After a 30-year stint at a specialized school for children and adults with severe disabilities, teacher Susan McPhail is wondering whether she will have a job after recovering from an upcoming knee surgery.
The Stovall School at the North Mississippi Regional Center, one of the state’s five regional intellectual and developmental disability programs, could be another casualty of the $14.4 million in budget cuts to the Department of Mental Health this fiscal year, according to employees and community members. Elimination of an Early Intervention Program, which provided evaluations and therapeutic services to some 350 infants and children under three years old and employed three people, has already been announced.
McPhail said she and other staff members at Stovall were told in a May 16 meeting with administrators that it is possible the school would be shut down altogether due to budget cuts.
“We were all kind of in shock,” she recalled. “I asked the question: ‘You said it was possible our program would be shutting down. Is it probable?’ And they looked right at me and said yes.”
McPhail said North Mississippi Regional Center director Edith Hayles attended the meeting.
All of the 68 students who attend the Stovall School live on the NMRC campus. At Stovall, they learn life skills ranging from managing money in one of the more traditional classrooms to putting away groceries and doing laundry in a classroom featuring a model apartment. While there are some students whose disabilities are so profound they will never be able to leave NMRC, the goal for other students is to enable them to live a more independent life at home.
Hayles directed questions from Mississippi Today to B.J. Davis, director of public information and volunteers at North Mississippi Regional Center, who said no final decisions about the school have been made as of Thursday.
“NMRC will continue to meet the needs of the individuals we serve and provide the supports required so they can maintain their highest level of independence. However, how the budget will impact any specific NMRC program such as Stovall school has yet to be determined,” Davis said in an emailed response.
“Currently, the Stovall School serves approximately 68 clients. However, their NMRC services and supports would be continued with a restructuring of the program but without a certified school, as there are only four students under 21 (years old)” at the school, Davis said.
Federal law only requires special education students under 21 to be taught by certified teachers.
But McPhail worries about the quality of services provided by individuals without the credentials she and the other certified teachers have. She also has concerns about the transition the students will undergo while the school is being closed or restructured.
“All of us are concerned about what’s going to happen with quality programming. We were trained to do it, we went to college to learn how to provide quality assessments, tools, testing measures and programming for those things that we identify as needs …” she explained, noting that what makes the Stovall School special is its ability to tailor instruction and services to each individual.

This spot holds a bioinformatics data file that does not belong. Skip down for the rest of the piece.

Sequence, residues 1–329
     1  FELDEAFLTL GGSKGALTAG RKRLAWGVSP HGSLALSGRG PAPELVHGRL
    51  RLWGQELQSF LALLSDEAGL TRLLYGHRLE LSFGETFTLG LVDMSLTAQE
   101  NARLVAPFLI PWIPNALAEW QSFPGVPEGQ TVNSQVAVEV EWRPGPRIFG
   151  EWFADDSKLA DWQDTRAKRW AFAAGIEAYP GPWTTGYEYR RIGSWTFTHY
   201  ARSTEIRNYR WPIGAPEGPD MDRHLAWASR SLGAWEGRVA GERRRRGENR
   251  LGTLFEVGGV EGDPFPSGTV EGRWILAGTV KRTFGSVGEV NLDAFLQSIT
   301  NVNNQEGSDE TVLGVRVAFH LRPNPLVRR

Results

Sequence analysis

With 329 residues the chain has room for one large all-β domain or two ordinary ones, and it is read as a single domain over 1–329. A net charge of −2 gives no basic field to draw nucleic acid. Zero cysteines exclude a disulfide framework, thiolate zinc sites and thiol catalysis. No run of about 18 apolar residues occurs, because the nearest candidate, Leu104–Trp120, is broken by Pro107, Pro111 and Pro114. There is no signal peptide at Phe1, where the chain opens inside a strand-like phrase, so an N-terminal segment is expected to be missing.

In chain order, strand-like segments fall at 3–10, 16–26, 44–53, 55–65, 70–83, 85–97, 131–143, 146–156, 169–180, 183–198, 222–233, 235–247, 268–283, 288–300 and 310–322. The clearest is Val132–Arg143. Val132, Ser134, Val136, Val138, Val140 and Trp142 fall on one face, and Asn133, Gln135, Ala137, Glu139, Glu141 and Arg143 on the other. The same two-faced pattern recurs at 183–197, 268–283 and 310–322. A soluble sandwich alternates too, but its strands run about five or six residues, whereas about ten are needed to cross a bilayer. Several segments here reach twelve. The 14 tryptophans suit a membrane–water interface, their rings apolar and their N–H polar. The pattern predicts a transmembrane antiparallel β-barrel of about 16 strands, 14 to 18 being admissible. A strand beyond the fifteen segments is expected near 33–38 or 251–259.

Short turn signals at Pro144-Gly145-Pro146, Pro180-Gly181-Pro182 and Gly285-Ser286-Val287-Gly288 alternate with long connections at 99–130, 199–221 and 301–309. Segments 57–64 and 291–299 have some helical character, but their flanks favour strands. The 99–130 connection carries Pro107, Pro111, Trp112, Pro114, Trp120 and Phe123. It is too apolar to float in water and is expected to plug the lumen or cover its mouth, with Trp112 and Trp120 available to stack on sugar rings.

“And the time it takes to close this building down, to shut it down and then restructure it and reopen it and figure out who’s going to be bringing them and who’s going to be working with them — that concerns me,” she continued. “They’re going to go from going to school every day to staying in their cottages everyday. … As the parent of a child with autism, I can tell you that those people that we serve that have that diagnoses of autism, they need the structure.”
William Dunn, the parent of a child who lives in a community home at NMRC and a member of the Friends of North Mississippi Regional Center, said he had a similar impression of the fate of the school after a recent Friends of NMRC meeting with Hayles and other officials.
“She (Hayles) went over the budget cuts and the possible effects that it might have on NMRC. And she told this group that Stovall was probably going to be eliminated,” Dunn recalled. ” … She was very emotional about it.”
McPhail, who is eligible to retire, says she feels luckier than most of her colleagues who will have to find other employment or accept a lesser-paying job such as a direct-care worker at NMRC.
Stovall School currently has 20 staff members, Davis said, but she did not immediately know how a restructuring or elimination of the school might affect them.
McPhail feels proud of the work she and others have done over the past 30 years, most notably providing children and adults with the skills to leave the NMRC campus and live more independent lives.
“One of my favorite guys (a former student) is working out at Home Depot. I go out there and see him and we talk, and it’s just a really, really good feeling,” she said.
It makes no sense to cut teachers and people who work directly with the students. If cuts have to be made, it seems to me people who don’t work directly with the students should be the first to go. I can’t help but wonder how many jobs there are people who file papers and never work with the students
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